As the United Kingdom inches closer to a no-deal Brexit, the arguments around independence in pro-EU Scotland are gathering pace.
With Brexit talks sputtering, though not quite dead, the specter of tariffs, travel restrictions, and towering economic uncertainty looms large over Europe. From Berlin to Brussels, Belfast and beyond, leaders are scrambling to shore up no-deal contingencies, finessing plans many hoped would never see the light of day.
Yet, in one corner of the continent, a quiet sense of satisfaction simmers.
Officially, Scotland's pro-independence government wants an agreement: The country's exporters are as exposed to economic turbulence as any. But there's little doubt the collapse of negotiations would aid a secessionist narrative four years in the making.
Brexit is an unwelcome upheaval in the minds of many Scots — a burden foisted upon their nation in 2016, when Scotland voted decisively for Remain. Since then, successive Westminster administrations have ignored the country's wish to maintain close ties with Europe, nationalists say, underscored by Boris Johnson's failure to take no-deal off the table.
Politically, it's a message that's cutting through. Since the start of 2020, opinion polls have signaled a swing away from unionism — which won the day when Scots were balloted on separation in 2014 — and towards independence, championed by Nicola Sturgeon's Scottish National Party (SNP).
The British government's perceived bungling of COVID-19 policy has accelerated this shift, and now, with dwindling prospects of a post-Brexit trade deal, another surge in separatist fervor is anticipated.
"Because we expect Brexit to have negative consequences for the UK economy, to be disruptive, then the UK no longer looks like the safe option [for Scottish voters]," says Nicola McEwen, Professor of Territorial Politics at the University of Edinburgh. "It shifts the balance of risk, where independence is still an economic risk, but so, too, is staying in the Union."
It's this sort of reasoning that has 29-year-old James Holland reconsidering his stance on separation. Six years ago, the decision seemed simple: With family in England and concerns over Scotland's financial vulnerabilities, backing a united Britain "just felt right." With Brexit, however, that sense of UK stability has all but vanished.
"We didn't vote for it up here, and it feels like England is pulling us out of Europe regardless of the consequences. It's made me realize that the differences between the two countries might be more than skin-deep, so I'm definitely weighing up whether Scotland is safer going in a different direction."
But while Brexit has undoubtedly invigorated the nationalist cause, it also presents challenges. In 2014, the SNP's argument was greatly simplified by Britain's European Union membership: An independent Scotland would simply rejoin, and by virtue of England's place in the European community, border issues would be moot.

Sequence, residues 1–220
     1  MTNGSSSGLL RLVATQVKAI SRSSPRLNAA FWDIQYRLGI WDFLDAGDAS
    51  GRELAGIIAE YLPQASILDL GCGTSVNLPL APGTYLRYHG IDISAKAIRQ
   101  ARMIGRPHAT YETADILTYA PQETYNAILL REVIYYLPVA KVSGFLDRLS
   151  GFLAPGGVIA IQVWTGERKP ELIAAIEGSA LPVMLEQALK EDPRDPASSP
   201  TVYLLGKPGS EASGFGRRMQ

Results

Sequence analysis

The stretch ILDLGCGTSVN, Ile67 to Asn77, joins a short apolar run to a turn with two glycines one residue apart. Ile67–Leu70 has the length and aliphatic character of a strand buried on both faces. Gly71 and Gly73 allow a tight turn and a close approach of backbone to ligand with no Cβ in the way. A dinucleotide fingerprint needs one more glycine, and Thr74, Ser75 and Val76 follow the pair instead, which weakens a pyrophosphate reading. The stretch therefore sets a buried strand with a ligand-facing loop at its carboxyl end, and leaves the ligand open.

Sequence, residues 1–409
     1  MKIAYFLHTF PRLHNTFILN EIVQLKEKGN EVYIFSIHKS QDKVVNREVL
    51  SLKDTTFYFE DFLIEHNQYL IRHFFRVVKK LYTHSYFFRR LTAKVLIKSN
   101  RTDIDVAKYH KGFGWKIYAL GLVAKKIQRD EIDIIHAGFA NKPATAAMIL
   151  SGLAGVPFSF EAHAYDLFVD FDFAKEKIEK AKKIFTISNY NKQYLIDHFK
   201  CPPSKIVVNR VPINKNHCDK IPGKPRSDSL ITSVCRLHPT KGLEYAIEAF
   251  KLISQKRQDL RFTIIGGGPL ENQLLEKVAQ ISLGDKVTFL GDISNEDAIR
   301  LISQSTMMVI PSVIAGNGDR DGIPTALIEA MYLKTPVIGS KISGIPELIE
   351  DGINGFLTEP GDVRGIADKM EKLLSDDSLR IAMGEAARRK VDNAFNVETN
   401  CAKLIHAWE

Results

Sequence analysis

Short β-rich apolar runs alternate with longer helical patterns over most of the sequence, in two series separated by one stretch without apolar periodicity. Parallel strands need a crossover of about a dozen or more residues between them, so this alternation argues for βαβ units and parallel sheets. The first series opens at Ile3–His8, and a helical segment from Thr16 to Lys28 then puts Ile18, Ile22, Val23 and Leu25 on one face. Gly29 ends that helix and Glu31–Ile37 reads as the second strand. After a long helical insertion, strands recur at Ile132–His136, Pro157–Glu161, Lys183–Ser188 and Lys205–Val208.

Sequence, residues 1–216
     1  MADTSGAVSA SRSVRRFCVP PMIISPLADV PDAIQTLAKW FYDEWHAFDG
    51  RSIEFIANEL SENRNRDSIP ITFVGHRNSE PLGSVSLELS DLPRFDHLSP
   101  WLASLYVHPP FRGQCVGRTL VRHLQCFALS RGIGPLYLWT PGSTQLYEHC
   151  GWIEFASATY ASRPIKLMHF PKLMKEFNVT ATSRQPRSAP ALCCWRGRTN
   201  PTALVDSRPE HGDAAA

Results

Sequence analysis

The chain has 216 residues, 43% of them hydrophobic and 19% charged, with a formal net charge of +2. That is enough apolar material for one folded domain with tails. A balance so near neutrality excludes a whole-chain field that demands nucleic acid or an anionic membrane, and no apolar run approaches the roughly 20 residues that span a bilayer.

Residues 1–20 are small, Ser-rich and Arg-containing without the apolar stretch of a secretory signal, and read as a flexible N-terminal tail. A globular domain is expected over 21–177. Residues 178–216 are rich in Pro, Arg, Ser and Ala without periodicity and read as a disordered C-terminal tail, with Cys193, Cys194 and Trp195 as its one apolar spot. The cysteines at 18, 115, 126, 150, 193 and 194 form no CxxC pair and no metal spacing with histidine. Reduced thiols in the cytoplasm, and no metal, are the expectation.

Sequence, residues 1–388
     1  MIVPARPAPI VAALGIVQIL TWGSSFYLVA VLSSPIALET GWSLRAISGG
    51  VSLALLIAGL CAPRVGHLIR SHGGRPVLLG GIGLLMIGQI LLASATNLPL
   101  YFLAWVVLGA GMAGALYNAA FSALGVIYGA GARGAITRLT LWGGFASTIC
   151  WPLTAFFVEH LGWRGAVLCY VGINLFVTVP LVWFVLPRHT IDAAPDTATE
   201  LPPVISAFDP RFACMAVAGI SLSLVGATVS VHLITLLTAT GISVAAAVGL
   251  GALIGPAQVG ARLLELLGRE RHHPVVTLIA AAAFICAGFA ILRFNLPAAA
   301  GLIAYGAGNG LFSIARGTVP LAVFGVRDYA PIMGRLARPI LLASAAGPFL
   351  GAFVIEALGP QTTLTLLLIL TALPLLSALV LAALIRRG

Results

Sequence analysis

With Brexit, that's no longer the case. Should a newly sovereign Scotland accede to the EU, as the SNP intends, it would have to manage an international frontier with the United Kingdom, its largest trading partner. Achieving this with minimal disruption while ensuring the European bloc's territorial integrity wouldn't be easy, unionists argue.
But for some in Europe, a solution may not be so hard to come by.
"When you look at the border between Scotland and England, I think talking about making that an electronic border is much more feasible than, for example, the border between Ireland and Northern Ireland," says Fabian Zuleeg, Chief Executive of the European Policy Centre, a Brussels-based think tank.
Such an arrangement would require goodwill from EU chiefs, whose position on Scottish independence has shifted since 2014. Back then, the notion of Britain tearing apart at the seams alarmed Brussels stalwarts, always favoring integration over separation. But Brexit has supplanted those concerns, and now senior figures seem happy to endorse the idea of a breakaway Scotland rejoining the European family.
"Emotionally, I have no doubt everyone would be enthusiastic here, in Brussels and more widely in Europe, but still we have treaties and formalities. But if you ask me about our emotions, there's a genuine feeling. You will witness, I think, only empathy," Donald Tusk, former president of the European Council, said earlier this year.
There are, however, realities to EU accession that complicate the arguments around independence. As a mature democracy with a developed free-market economy, Scotland shouldn't struggle to meet the bloc's political and fiscal requirements. But like any new member state, it would be expected to adopt the euro as currency — unpopular among Scots, a survey suggests — and enter Brussels' Common Fisheries Policy, anathema to the nation's coastal communities.
The SNP has at least ruled out an unsanctioned ballot on separation, which would effectively end hopes of EU membership. Instead, the Scottish government is petitioning ministers in London to permit a second referendum. Those efforts are currently fruitless — but that could change after the Scottish Parliament elections in May, experts believe.
"[An SNP victory would] evoke the precedent of the 2014 referendum, because that was conceded by the British government after the SNP won a majority in Holyrood, the Scottish Parliament, with a clear manifesto commitment to seek an independence referendum," explains Professor Aileen McHarg, a constitutional expert at Durham University.
"So it's quite difficult to say, ‘That was regarded as justification for having a referendum in 2014,' but it's not justified now."
As it stands, well ahead in the polls, the SNP can feel confident of victory in May. Should a no-deal Brexit come to pass before then, their electoral prospects will be bolstered even further — and so, too, will calls for a second say on independence.